Ferdo Dizdarevic, UK:
“I am a great believer and supporter of Scholastic Chess. I think it´s a brilliant idea to give children the opportunity to learn new skills while playing games. As a PE teacher and sport scientist I believe our duty is to give our offspring a strong foundation, combining body and mind, for future development.”
Magdalena Zielinska, Poland:
“Thank you so much for all the inspiring sessions, workshops, ideas and conversations and above all for your hospitality and the wonderful evenings in London. Looking forward to future cooperation!”
If you have attended the conference please complete the online questionnaire. It only takes ten minutes, and your replies help us to evaluate the event and plan future events. If you have attended and haven´t received an invitation to our online survey please contact firstname.lastname@example.org
Karel van Delft is posting videos from the conference on a dedicated page of his excellent website chesstalent.com. The Dutch author and psychologist has started with the workshop on Chess for Children with Autism and ADHD, which highlighted how beneficial the game can be in special needs education. There were moving talks by Richard James, by Dijana Dengler, by Luis Blasco and by Karel himself. Stay tuned, as more videos are coming.
Due to technical difficulties and other commitments we have been slow to share the presentations from the conference sessions and workshops. Please excuse the delay. The presentations page is now updated, and more is coming. We have chosen the pdf format to prevent misappropriation. We have added Presentations in the menu, too.
Italy is represented not only by the top player of the London Chess Classic, world number two Fabiano Caruana, but also by several speakers at the conference. The country has a vibrant school chess scene. This is mostly thanks to Alessandro Dominici. The organiser from Piemont in North Western Italy has run two international school chess conferences in Turin and introduced chess to hundreds of schools in his region. He has initiated the learning website La Casa di Scacchi di Vittorio and the psychomotricity on a giant chess board method of coordination games for young children to precede instruction on regular chess boards. One year ago, Alessandro presented at our conference about EU funding for school chess. Now he is leading the Erasmus plus project “CASTLE”. And he is already exploring and propagating new ways to finance school chess.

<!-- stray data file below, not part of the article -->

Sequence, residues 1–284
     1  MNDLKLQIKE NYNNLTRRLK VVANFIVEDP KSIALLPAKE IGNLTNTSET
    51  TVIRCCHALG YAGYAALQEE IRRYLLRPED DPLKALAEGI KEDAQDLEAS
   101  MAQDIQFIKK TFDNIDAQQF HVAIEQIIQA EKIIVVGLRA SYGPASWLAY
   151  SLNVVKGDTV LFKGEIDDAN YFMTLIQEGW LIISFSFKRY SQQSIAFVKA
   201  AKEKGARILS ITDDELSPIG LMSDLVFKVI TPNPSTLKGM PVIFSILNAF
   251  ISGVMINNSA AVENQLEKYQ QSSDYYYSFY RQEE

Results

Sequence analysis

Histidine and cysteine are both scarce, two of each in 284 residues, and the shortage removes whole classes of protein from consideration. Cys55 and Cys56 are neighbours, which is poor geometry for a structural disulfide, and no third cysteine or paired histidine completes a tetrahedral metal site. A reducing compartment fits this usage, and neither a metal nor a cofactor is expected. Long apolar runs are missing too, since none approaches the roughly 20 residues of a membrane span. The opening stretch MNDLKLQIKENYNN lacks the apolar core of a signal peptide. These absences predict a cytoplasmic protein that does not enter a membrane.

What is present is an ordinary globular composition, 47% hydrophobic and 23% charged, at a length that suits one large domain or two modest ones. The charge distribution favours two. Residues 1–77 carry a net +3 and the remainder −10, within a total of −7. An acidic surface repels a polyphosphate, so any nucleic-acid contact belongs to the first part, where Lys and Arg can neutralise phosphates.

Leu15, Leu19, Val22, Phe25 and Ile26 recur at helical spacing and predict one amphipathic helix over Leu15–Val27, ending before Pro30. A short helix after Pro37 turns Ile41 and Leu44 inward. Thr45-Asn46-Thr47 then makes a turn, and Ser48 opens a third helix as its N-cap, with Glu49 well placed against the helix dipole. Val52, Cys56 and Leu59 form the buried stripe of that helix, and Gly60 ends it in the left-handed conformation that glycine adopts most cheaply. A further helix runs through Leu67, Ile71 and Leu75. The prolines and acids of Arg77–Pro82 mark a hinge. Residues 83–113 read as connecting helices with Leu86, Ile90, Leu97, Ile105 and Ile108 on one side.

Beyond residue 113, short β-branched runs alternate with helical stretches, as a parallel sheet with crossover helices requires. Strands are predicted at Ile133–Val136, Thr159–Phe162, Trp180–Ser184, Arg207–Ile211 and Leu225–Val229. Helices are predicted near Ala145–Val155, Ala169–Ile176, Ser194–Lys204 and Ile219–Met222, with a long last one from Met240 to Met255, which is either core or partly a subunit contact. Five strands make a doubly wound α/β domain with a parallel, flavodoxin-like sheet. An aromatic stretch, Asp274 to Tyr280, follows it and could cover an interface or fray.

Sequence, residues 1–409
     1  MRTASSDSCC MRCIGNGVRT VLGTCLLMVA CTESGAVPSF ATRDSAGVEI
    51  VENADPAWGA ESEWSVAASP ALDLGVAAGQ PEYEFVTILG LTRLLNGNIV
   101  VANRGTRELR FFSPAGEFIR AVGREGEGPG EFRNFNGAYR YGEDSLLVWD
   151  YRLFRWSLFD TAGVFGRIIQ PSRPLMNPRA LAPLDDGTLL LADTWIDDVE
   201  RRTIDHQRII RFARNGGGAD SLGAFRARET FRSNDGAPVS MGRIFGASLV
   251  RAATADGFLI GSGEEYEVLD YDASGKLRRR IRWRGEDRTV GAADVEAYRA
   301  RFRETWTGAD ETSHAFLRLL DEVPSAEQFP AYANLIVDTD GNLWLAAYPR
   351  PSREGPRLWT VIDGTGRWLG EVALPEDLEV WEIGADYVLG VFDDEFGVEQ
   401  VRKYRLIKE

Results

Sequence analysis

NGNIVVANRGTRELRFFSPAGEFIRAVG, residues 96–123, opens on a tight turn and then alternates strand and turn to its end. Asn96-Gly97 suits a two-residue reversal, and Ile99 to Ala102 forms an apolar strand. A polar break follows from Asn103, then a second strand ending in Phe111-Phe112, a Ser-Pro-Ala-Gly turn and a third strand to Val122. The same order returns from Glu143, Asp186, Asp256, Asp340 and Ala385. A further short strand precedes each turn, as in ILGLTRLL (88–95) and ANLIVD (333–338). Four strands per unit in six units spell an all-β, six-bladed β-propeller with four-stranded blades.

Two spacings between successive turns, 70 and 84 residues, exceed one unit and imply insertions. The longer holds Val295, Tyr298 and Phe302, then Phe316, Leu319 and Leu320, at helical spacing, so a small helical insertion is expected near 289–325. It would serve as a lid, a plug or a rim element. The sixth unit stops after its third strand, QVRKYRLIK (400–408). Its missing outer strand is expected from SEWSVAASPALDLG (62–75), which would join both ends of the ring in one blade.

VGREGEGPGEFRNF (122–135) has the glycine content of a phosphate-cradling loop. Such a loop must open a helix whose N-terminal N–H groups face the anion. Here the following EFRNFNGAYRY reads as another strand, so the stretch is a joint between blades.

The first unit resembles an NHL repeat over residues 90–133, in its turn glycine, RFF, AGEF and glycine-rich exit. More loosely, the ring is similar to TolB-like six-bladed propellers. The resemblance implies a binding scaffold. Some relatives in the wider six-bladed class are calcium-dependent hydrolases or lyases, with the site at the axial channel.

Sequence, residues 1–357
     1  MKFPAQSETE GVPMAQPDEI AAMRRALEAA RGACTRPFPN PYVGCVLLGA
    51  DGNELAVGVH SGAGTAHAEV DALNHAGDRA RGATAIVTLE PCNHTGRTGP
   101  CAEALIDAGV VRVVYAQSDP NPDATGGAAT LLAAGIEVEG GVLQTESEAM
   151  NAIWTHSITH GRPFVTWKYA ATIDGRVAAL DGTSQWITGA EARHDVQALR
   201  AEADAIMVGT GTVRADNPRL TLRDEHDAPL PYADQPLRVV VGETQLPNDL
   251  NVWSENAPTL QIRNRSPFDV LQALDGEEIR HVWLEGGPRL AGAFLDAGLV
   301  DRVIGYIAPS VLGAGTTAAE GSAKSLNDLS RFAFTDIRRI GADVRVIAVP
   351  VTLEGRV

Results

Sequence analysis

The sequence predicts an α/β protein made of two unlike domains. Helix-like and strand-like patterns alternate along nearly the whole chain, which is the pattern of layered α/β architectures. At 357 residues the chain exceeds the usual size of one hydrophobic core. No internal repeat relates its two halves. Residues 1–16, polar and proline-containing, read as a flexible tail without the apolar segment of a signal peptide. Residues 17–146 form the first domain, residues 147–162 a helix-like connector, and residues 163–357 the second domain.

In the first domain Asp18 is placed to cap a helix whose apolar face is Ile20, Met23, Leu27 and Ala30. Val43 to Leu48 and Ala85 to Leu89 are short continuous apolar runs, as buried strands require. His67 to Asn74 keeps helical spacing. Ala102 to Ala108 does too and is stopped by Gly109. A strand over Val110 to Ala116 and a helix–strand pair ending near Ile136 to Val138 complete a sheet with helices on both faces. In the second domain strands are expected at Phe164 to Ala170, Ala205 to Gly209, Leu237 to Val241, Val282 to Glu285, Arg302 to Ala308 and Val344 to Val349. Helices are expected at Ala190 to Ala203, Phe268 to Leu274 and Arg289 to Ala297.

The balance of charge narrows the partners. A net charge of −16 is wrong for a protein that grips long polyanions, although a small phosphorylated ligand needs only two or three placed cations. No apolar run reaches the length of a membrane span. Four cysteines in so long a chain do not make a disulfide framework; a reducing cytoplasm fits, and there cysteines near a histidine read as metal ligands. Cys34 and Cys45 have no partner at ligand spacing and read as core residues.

Alessandro is working closely with Roberto Trinchero, Professor of Education at the University of Turin. Roberto may well be the most productive researcher on school chess during the last ten years. In the study he is going to present this year, he found that students taught chess by chess teachers make more progress in maths than those taught chess by regular teachers. Giovanni Sala, a young scientist from his team who has recently moved to the University of Liverpool, has already been featured here.
Among Italy´s many creative teachers with ideas to use chess for teaching mathematics, we are pleased to have secured Maria Beatrice Rapaccini as a speaker. The former space engineer is working together with the University of Macerata to use chess to teach computational thinking to primary students. She will also share her special version of Psychomotricity in the workshop on Early Years Chess.
It´s a story you hear from many chess teachers: A child, usually a boy, with attention deficit or hyperactivity, is starting to concentrate at the game of chess, often to the surprise of carers, who only know the child in an excitable, uncontrollable state. A Spanish team of psychiatrists and chess coaches has gone beyond anecdotal evidence. Numerous boys, diagnosed with severe ADHD, have been helped to reduce or altogether come off medication by chess. This success story has been shared at a recent psychiatric conference in France and will be brought to us by Luis Blasco de la Cruz, whose club Villalba 64 in the North of Madrid is a champion of social chess projects.
Children on the autistic spectrum, often diagnosed with Asperger syndrome, are another group reported to benefit from chess. Karel van Delft has been interested in this for a long time and has been coaching autistic students one on one. Here is a video interview he conducted with an autistic tournament player. Dijana Dengler from Munich is teaching chess to children with all kinds of conditions and is an expert on inclusion through chess. Another speaker is Richard James, who makes a case that children with special needs have more to benefit from chess but at the same time are often excluded from school chess activities.
Support organisations and parents of children with special needs are invited to join our workshop on Sunday at 15.15-17.00 for free upon prior notice to email@example.com